This is part 2 of an ongoing* series about the Internet. Last week, I talked about how social media was my conduit to self-actualization (at least once I emerged from underneath the rock where I’d been hiding from Instagram for five years). This week, I counter that thesis by arguing that the Internet is a medium that is destroying our messages, and I’m not just talking about being limited to 140 characters. Next week, I’ll write about the meaning of identity in the machine learning era.
*It was going to be 3 parts and then it was going to be 2 parts but now it’s going to be 3 parts again and in the course of writing those 3 parts I’ve realized that I have A LOT OF FEELINGS ABOUT THE INTERNET, so why limit myself?
I didn’t expect that trying to learn about search engine optimization would trigger my latest existential crisis, but there you have it. (It’s been that kind of year, hasn’t it? I can’t figure out if it’s the omnipresent threat of nuclear war or if this is just what it’s like to be 28.)
I was trying to figure out what you’re supposed to be doing if you actually want people to read your blog. This in and of itself wasn’t that eye-opening, because I know perfectly well that there’s a metric fuckton of content on the Internet and you’re supposed to be doing some voodoo magic to make sure that when people Google “Dana Cass” they don’t come up with someone’s Florida mugshot. (Someone else’s. I’ve never been arrested in Florida, although I did consider burning down Harry Potter World when I went there in October, realizing that I had paid the equivalent of three new pairs of shoes to lay waste to my most precious childhood memories. The frozen butterbeer was really good, though.)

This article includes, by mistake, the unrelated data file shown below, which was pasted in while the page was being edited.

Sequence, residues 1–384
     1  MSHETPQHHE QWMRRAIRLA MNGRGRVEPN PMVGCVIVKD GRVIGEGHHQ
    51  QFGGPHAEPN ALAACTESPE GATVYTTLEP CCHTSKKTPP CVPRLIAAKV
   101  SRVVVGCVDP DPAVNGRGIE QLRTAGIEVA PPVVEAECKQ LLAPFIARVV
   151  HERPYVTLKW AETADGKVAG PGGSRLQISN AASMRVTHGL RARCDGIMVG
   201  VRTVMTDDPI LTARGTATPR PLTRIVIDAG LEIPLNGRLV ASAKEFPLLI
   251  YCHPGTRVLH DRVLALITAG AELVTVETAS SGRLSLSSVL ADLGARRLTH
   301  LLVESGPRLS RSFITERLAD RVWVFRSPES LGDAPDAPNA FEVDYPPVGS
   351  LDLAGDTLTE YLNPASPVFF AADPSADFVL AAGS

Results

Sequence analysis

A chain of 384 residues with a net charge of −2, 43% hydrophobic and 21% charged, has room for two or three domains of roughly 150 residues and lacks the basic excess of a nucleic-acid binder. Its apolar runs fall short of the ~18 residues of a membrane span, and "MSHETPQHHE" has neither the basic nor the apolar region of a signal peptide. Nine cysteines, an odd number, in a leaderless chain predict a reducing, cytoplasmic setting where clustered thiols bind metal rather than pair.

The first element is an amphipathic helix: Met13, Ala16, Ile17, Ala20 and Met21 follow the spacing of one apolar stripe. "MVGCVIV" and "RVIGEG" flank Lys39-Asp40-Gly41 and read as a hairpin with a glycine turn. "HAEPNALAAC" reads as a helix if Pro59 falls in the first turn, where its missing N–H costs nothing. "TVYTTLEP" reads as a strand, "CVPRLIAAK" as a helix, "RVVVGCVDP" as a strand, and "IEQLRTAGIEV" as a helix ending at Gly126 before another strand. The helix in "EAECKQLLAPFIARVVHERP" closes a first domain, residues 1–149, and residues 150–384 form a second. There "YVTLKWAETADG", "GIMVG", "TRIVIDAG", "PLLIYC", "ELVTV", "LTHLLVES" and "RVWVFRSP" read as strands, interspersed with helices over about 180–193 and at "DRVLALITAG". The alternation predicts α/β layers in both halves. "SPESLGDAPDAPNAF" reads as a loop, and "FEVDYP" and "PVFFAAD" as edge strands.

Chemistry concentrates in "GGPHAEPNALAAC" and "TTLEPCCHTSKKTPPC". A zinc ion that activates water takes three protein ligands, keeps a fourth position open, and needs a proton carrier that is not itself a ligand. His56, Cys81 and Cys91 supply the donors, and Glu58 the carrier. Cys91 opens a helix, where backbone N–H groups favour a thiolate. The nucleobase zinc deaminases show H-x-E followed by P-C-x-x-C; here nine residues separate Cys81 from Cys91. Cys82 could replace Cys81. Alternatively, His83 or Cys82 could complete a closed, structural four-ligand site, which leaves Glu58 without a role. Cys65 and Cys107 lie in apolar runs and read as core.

So I’m reading about SEO, which already feels like the used car salesman patter of the digital age, and then I came across this saga of how mattress reviews are actually just a proxy for the battle to dominate an oversaturated market. And then I was trying to figure out what to do with my books while I’m living abroad next year, and it turns out you basically can’t find anything unbiased about long-term storage. It’s literally all so-called sponsored content. (Pardon me if I don’t link it here lest I negatively impact my SEO with links to low-quality content. You, too, can Google “long term storage nyc” if you want to dispel the few illusions you had left about the democratization of information being net positive.)